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The vertical percentage depends on the angle of rake. For example, a 45 degree angle is 50% vertical and 50% horizontal. A steeper angle has a higher percentage of vertical. A shallower angle has a lower percentage of vertical.

Here's a simple (and ridiculous) example of how this works.

If your rake is 45 degrees and you raise ride height 1 inch, you would have to raise the forks 2 inches in the triples (because only 50% of the difference is vertical) to get back to the original ride height.
 

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what difference does it make how you measure (axle to floor, diameter, circumference) and what formula you use if you get to same result, radius?
and what rake and offset has to do with it?
Rake has everything to do with front end feel/stability/steering effort, and rake is affected by changing the ride height on one end of the bike, such as when you go to a taller tire. In order to compensate, you need to raise the forks. However, the forks are on an angle as a result of rake. As a result, you need to use some trigonometry to determine the exact amount to raise the forks.

Yes, you can make a change, ride it, make a small change, ride it again, ad infinitum, and get your bike set up that way. However, being able to use some engineering skills to determine the effects of a change and what else needs to be changed to keep other parameters the same can be very helpful in minimizing the trial and error period.

---

P = pitch (degrees)
W = wheelbase (millimeters)
R = tire radius (millimeters)
A = rake (degrees)
F = front ride height at steering stem (millimeters)
K = fork length (millimeters)

Given:
W = 1430
A = 25
R = 251.9
dR = 12

Assumptions:
Steering stem is distance R behind the front axle

---

tan dP = dR / W
tan dP = 12 / 1430
dP = 0.48 deg

dF = ( W - R ) * tan dP
dF = ( 1430 - 251.9 ) * tan 0.48
dF = 9.87 mm

dK = dF / cos A
dK = 9.87 / cos 25
dK = 10.89 mm

Alternatively:
dK = ( W - R ) * (dR / W) / cos A

So it seems I was wrong before. Raising the forks 12mm for a 12mm taller tire is too much. You only need to raise them about 8.5mm*, all other things being equal.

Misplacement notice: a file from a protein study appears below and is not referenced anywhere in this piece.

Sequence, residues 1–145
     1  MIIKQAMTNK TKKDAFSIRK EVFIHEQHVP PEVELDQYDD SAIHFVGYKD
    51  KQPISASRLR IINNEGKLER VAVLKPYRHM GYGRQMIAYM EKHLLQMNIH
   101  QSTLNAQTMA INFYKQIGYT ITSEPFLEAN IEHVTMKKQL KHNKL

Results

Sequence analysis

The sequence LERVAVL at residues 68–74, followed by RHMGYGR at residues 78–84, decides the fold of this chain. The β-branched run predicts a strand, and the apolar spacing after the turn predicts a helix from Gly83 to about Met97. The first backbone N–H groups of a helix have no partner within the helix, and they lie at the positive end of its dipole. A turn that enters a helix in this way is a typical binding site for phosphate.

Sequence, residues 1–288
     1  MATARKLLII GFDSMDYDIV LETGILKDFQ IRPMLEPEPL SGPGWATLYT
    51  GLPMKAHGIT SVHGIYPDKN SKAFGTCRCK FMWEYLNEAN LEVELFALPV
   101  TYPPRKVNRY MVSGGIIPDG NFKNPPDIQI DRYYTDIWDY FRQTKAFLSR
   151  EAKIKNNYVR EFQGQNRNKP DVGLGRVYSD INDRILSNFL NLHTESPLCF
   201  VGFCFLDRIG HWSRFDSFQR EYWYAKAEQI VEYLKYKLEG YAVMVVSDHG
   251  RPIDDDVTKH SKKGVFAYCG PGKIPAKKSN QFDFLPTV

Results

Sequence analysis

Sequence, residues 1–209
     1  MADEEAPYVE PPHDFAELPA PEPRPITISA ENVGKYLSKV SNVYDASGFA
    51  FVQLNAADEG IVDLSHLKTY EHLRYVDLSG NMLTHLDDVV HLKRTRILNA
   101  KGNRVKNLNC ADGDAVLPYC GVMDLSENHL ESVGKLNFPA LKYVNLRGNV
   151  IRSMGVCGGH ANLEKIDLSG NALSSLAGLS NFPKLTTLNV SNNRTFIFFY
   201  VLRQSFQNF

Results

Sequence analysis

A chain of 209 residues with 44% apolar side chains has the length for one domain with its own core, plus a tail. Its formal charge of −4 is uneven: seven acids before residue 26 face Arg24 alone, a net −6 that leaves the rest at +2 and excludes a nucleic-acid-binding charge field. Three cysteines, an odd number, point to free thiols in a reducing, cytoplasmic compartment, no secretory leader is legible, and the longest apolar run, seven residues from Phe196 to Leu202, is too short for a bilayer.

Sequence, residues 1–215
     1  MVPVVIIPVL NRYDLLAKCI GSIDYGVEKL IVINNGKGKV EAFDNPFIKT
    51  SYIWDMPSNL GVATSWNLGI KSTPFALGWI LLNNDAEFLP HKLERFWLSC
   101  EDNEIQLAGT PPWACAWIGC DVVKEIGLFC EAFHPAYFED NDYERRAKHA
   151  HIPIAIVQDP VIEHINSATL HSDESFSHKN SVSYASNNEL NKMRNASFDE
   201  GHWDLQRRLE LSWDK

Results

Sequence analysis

*EDIT: Oops, I used 2R instead of R for the steering stem location. Turns out my 11mm adjustment is just about perfect for a 12mm taller tire.
 

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Rake has everything to do with front end feel/stability/steering effort, and rake is affected by changing the ride height on one end of the bike, such as when you go to a taller tire. In order to compensate, you need to raise the forks. However, the forks are on an angle as a result of rake. As a result, you need to use some trigonometry to determine the exact amount to raise the forks.

Yes, you can make a change, ride it, make a small change, ride it again, ad infinitum, and get your bike set up that way. However, being able to use some engineering skills to determine the effects of a change and what else needs to be changed to keep other parameters the same can be very helpful in minimizing the trial and error period.

---

P = pitch (degrees)
W = wheelbase (millimeters)
R = tire radius (millimeters)
A = rake (degrees)
F = front ride height at steering stem (millimeters)
K = fork length (millimeters)

Given:
W = 1430
A = 25
R = 503.8
dR = 12

Assumptions:
Steering stem is distance R behind the front axle

---

tan dP = dR / W
tan dP = 12 / 1430
dP = 0.48 deg

dF = ( W - R ) * tan dP
dF = ( 1430 - 503.8 ) * tan 0.48
dF = 7.76 mm

dK = dF / cos A
dK = 7.76 / cos 25
dK = 8.56 mm